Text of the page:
I'm not a fan of drone trapping, but if you are going to do this, you have to understand a few dynamics.

    _Most_ beekeepers have no trouble using either drone foundation or foundationless in order to get the bees to lay up a bunch of drones in one spot. Of course, this is largely because of management....the near universal use of worker foundation insures that no "properly kept" hive is "drone right"....reducing the number of drones was one of the major selling factors for foundation when it was first available (read AI Root on this).

    If you are running a TBH (or lang) without foundation, your bees are probably drone right...they've built as much drone comb as they want, and the queen has laid it up to her hearts content. In this situation, the bees are unlikely to be so quick to draw out and lay in the drone foundation, or to build/fill drone comb in an empty space.

    This is not a problem that most beekeepers using drone trapping run into....since they are near 100% worker foundation.

    deknow

  14. #14
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    Default Re: Removing Drone Brood in a KTBH

    My understanding of the miteology, is that the mother mite dies after she lays her eggs. (I could be wrong on this point though.) Then the male (brother) mates with his sister(s) and then he dies. It is only the offspring daughters that carry on the tradition of mite infestation. I just cut the drone comb out and let the birds or ants get at it. Or drop the drone comb in the wax melter that that will take care of the mites too. (However, I do not use the THB either.)
    Last edited by Peaches; 07-12-2011 at 07:06 AM. Reason: Additional words.
    Peaches
    The Beekeepers Friend

  15. #15
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    Default Re: Removing Drone Brood in a KTBH

    Nope, the mother mite does not necessarily die after reproducing. Obviously she dies at some point, but she's not like the salmon that is genetically programmed to die after spawning.

    I cannot put my fingers this morning on the reference that discusses this clearly, so I'll offer this tidbit from the Entomology Department of the University of Florida:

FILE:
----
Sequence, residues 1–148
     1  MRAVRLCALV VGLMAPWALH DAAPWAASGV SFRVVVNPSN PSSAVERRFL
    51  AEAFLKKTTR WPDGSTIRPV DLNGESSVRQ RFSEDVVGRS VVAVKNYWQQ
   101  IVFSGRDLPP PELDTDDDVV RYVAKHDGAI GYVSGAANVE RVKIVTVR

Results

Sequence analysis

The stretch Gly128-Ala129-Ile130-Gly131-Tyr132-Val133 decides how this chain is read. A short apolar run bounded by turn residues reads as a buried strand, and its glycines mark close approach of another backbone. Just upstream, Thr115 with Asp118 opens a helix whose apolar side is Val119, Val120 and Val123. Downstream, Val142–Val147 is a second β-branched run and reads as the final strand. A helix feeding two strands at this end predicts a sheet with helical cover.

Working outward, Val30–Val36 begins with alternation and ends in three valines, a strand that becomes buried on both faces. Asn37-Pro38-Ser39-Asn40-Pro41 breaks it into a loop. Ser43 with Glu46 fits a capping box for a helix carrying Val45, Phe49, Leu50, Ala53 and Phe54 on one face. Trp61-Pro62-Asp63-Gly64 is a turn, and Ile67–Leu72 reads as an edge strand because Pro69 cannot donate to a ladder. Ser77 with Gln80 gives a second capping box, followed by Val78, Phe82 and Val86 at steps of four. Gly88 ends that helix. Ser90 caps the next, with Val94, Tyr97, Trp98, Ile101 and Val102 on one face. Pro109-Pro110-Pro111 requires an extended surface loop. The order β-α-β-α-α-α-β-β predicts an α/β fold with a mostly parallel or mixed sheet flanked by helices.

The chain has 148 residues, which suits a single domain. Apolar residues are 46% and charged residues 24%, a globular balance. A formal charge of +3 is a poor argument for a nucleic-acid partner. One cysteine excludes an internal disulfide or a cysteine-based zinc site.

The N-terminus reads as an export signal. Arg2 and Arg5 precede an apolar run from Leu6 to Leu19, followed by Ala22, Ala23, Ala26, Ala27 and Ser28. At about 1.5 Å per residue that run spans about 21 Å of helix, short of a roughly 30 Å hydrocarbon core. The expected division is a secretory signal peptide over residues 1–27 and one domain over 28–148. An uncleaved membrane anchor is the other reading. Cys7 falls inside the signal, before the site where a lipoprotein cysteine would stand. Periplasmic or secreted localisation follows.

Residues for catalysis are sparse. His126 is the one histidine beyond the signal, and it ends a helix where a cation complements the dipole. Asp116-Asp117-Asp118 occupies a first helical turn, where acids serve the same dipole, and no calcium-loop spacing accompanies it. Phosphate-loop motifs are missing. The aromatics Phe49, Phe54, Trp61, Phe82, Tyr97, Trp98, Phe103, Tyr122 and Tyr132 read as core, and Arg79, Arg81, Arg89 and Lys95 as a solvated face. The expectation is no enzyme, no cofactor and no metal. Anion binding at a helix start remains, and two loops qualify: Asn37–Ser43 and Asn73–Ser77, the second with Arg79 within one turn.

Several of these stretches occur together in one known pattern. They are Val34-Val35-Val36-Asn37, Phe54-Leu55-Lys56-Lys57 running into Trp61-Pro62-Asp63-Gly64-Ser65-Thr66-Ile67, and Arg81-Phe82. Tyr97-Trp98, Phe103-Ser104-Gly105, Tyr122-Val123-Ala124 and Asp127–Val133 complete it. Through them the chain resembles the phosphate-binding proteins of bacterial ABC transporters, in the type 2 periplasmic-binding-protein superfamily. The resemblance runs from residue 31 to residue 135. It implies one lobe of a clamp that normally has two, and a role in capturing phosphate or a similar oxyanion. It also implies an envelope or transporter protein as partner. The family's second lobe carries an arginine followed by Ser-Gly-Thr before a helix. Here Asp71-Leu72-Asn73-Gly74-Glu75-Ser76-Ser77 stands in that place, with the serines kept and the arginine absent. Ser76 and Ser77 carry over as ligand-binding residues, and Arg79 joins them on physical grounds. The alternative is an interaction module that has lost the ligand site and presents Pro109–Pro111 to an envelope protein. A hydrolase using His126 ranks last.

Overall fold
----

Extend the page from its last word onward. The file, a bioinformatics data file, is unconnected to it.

"...Although the adult female varroa can infest and reproduce in more than one cell, it mates only in the cell in which it was born...."

    Source: http://entnemdept.ufl.edu/creatures/...arroa_mite.htm

    and this one:

    "...In summer mites can manage 2 reproductive cycles producing ~ 8 daughters if using drone brood...."

    Source: http://www.users.globalnet.co.uk/~ms...destructor.htm based on information from the Central Science Laboratory (CSL), UK.
    Last edited by DeeAnna; 07-12-2011 at 07:21 AM. Reason: add second quote

  16. #16
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    Default Re: Removing Drone Brood in a KTBH

    Quote Originally Posted by deknow View Post
    This is not a problem that most beekeepers using drone trapping run into....since they are near 100% worker foundation.

    deknow
    Whereas, I am sure that worker foundation does impact production of drone comb, especially compared to foundationless comb, I have plenty of Pierco frames w/ drone comb on them. The foundation is worker, of course, yet the comb was drawn out drone. Not all, by any means, just a patch. Makes me wonder if the bees will produce what they need regardeless of what is provided for them.
    Mark Berninghausen "That which works, persists."

  17. #17
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    Default Re: Removing Drone Brood in a KTBH

    I'd guess a couple of things, Mark.